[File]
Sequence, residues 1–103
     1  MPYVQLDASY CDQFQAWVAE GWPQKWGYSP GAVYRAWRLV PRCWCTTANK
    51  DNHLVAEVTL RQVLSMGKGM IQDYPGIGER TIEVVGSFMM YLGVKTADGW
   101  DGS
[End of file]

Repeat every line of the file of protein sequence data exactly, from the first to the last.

Sequence, residues 1–103
     1  MPYVQLDASY CDQFQAWVAE GWPQKWGYSP GAVYRAWRLV PRCWCTTANK
    51  DNHLVAEVTL RQVLSMGKGM IQDYPGIGER TIEVVGSFMM YLGVKTADGW
   101  DGS